I'll stick with an unrepentant 1993 Dodge with Cummins, for the time being.
I bought it new and can so far keep it running (although everything electronic has failed and been bypassed).


TomP

Our country, right or wrong. When right, to be kept right, when wrong to be put right.

Carl Schurz (1829 - 1906)
 
Posts: 13570 | Location: Moreno Valley CA USA | Registered: 20 November 2000Reply With Quote
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I had to borrow $5,000 from my mother for my first home so I could put something "down". It was basically stucco over chicken wire, but it was mine.

Everyone is always talking new cars these days. I guess I'm not a car-guy anymore. My dad used to buy a "new" car about every five years. I buy a used vehicle about every ten to fifteen years apparently. I have 118,000 miles on a used SUV that I bought in 2012 for $21,000. It runs fine. I buy tires, gas, and an oil change occasionally. Other than that, I'm good. It gets me there and back.
 
Posts: 13179 | Location: Texas | Registered: 10 May 2002Reply With Quote
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I also drive old high milers. Both I bought from my friend in Wisconsin who is a priest and a car guy. One was a priest-mobile, a Chevy Impala. The other is a '04 Dodge caravan that was a nun-mobile that I gutted the rear passenger seats out of and use as my farm vehicle. The AWD is awesome in that van.

I have friends with much more expensive vehicles. My mother's Mercedes is the most uncomfortable car I have ever ridden in as are a lot of the Japanese cars I have been in. Their seats plain suck. My low budget American vehicles are both very comfortable drivers. I doubt I will ever buy a new vehicle again. I don't drive much anyway. Would be different if I was commuting to a job everyday.


~Ann





 
Posts: 17853 | Location: The LOST Nation | Registered: 27 March 2001Reply With Quote
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Originally posted by Aspen Hill Adventures:
I also drive old high milers. Both I bought from my friend in Wisconsin who is a priest and a car guy. One was a priest-mobile, a Chevy Impala. The other is a '04 Dodge caravan that was a nun-mobile that I gutted the rear passenger seats out of and use as my farm vehicle. The AWD is awesome in that van.

I have friends with much more expensive vehicles. My mother's Mercedes is the most uncomfortable car I have ever ridden in as are a lot of the Japanese cars I have been in. Their seats plain suck. My low budget American vehicles are both very comfortable drivers. I doubt I will ever buy a new vehicle again. I don't drive much anyway. Would be different if I was commuting to a job everyday.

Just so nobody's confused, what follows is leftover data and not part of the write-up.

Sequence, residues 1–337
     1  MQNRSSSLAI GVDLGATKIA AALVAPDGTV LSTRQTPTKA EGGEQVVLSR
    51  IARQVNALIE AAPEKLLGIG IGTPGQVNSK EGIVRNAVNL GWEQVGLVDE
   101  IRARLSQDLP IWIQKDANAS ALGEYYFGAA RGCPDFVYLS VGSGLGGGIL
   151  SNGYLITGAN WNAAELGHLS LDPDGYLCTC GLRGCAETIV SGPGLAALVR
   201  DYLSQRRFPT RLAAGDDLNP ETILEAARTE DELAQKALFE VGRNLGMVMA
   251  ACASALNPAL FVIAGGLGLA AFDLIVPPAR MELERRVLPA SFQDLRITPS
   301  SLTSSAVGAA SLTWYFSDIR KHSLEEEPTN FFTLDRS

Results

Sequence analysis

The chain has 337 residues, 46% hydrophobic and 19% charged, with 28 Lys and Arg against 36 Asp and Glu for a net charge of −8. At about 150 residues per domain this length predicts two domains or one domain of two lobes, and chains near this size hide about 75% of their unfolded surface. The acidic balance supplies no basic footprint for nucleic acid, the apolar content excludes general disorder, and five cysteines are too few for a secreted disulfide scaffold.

I like the idea of a interior gutted awd farm minivan.

You have a ton of access that is low access - don’t break a back lifting or getting into a raised truck bed.


Mike
 
Posts: 13145 | Location: Cocoa Beach, Florida | Registered: 22 July 2010Reply With Quote
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quote:
Originally posted by Beretta682E:
quote:
Originally posted by Aspen Hill Adventures:
I also drive old high milers. Both I bought from my friend in Wisconsin who is a priest and a car guy. One was a priest-mobile, a Chevy Impala. The other is a '04 Dodge caravan that was a nun-mobile that I gutted the rear passenger seats out of and use as my farm vehicle. The AWD is awesome in that van.

I have friends with much more expensive vehicles. My mother's Mercedes is the most uncomfortable car I have ever ridden in as are a lot of the Japanese cars I have been in. Their seats plain suck. My low budget American vehicles are both very comfortable drivers. I doubt I will ever buy a new vehicle again. I don't drive much anyway. Would be different if I was commuting to a job everyday.



I like the idea of a interior gutted awd farm minivan.

You have a ton of access that is low access - don’t break a back lifting or getting into a raised truck bed.


Mike


Exactly, Mike. Truck beds are too high for me anymore (lifting that high with a lumbar fusion is a no no) and the van offers easy access and if weather is bad, dry storage. One can fit quite a number of small square bales of hay or straw inside besides a few tons of bagged feed. I've even hauled sheep to slaughter in it only because I was having too much drought and pasture was dwindling. I normally butcher my own stock but it was the middle of summer and cooling/aging carcasses would not have been possible.


~Ann





 
Posts: 17853 | Location: The LOST Nation | Registered: 27 March 2001Reply With Quote